CRESTVIEW — It takes a special kind of student to be a Davidson Middle School buddy. In fact, school officials said, it takes the "crême-de-la-crême," or cream of the crop.

CRESTVIEW — It takes a special kind of student to be a Davidson Middle School buddy. In fact, school officials said, it takes the "crême-de-la-crême," or cream of the crop.

The program, in its 10th year, links specially selected eighth-graders —  the buddies — with students in the school's exceptional student education program.

"They are peer mentors," program director and E.S.E. teacher Carol Cassity said.

As she spoke, eighth-grader Jayce Longman was helping special needs students Tyler Wadsworth and Adrian Taylor complete a calendar project.

Buddy Kiayana Roberts had just returned to the classroom from escorting Anna Klemkosky, one of Tyler and Adrian's classmates, to the water fountain.

"It is an eye-opening experience for anybody who hasn't worked with these kids," Kiayana said. "It has been really rewarding."

"The buddies learn different ways of dealing with different people," E.S.E. teacher Barbara Cook said.

'Not a fluff class'

The program began a decade ago when guidance counselor Rhonda Brown asked an eighth-grader to mentor a student excused from physical education class.

When that school year ended and teachers saw how well the special needs student responded to his peer buddy, Cassity said she asked Brown, "How can we keep this going?"

The buddy program is now an academic class, Cassity said. Students have to apply, write an essay, and get two faculty recommendations and written permission from their parents to take the class.

During the school year, buddies maintain a performance log tracking their and their students' progress, describing projects and initiatives, and they must take an end-of-course exam.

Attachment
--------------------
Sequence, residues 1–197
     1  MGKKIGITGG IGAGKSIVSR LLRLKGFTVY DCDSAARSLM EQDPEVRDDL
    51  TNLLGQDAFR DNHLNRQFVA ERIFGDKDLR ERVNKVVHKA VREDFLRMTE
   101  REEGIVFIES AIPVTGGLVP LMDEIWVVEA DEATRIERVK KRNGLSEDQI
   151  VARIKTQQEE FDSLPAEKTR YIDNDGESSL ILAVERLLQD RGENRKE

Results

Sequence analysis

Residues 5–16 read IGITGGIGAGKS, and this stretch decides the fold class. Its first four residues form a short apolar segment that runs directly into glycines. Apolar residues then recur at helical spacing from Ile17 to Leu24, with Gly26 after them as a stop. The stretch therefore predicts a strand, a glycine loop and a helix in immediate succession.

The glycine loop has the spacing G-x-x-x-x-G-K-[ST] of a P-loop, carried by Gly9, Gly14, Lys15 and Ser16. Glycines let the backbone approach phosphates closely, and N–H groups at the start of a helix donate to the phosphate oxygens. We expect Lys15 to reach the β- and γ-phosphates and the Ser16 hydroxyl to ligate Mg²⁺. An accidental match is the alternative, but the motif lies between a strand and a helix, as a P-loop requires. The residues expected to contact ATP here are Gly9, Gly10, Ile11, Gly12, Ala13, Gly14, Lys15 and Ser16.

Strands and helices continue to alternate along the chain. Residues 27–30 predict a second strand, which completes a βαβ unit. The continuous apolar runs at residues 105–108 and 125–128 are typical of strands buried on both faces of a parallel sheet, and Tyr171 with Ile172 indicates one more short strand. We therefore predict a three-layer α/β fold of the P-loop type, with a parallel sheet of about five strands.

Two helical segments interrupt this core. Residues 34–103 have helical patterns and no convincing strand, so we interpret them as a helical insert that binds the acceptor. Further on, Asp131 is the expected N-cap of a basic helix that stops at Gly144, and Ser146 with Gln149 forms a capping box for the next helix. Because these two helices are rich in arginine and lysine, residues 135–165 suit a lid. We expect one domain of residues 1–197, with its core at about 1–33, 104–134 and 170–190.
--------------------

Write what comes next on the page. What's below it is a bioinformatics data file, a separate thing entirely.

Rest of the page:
"It's not a fluff class," Cassity said.

For the 2013-14 academic year, more than 90 rising eighth-graders, almost a third of the class, have applied for about 40 buddy openings.

It's OK to be friends

Because buddies are generally student leaders, including athletic standouts, cheerleaders, band members and student government representatives, Davidson doesn’t experience E.S.E. students being ridiculed by other students, Cassity said.

If a new student says something unkind to a special needs student, "they're immediately corrected," buddy Dylan Buck said.

"We tell them, 'OK, you need to chill out,'" Kiayana said. "'You need to correct yourself.'"

"If these kids (the buddies) say it's OK to be friends with our (E.S.E.) kids, that's why there's no ostracizing here," Cassity said. "We are an integral part of the school setting."

Buddies and their special needs student pals form long-lasting friendships, the buddies said.

"Every single day of my life I get a high-five from one of the kids," buddy Jordan Richardson said. "Even if I'm just in the store and one of them sees me, they come up and talk to me."

Lifetime of helping

Buddies free up E.S.E. teachers to provide extra attention to students needing it, Cassity said. By taking E.S.E. students around the school, such as to the library or drinking fountains, buddies remove the stigma of being "escorted by an adult," Cassity said.

With the success of Davidson's program, graduating buddies hope Crestview High School will form a similar program. Cassity said the high school leadership class has discussed doing so.

"I'd do it every year in high school if I could," Jordan said.

The experience has encouraged several of the buddies to continue in the field. Steven DelPozo, a Davidson graduate and former buddy, is an E.S.E. teacher at Northwood Elementary School.

"My brother, Jacob, is studying special education at college," Jayce said. "It's an honor to be a buddy."

Contact News Bulletin Staff Writer Brian Hughes at 850-682-6524 or Follow him on Twitter @cnbBrian.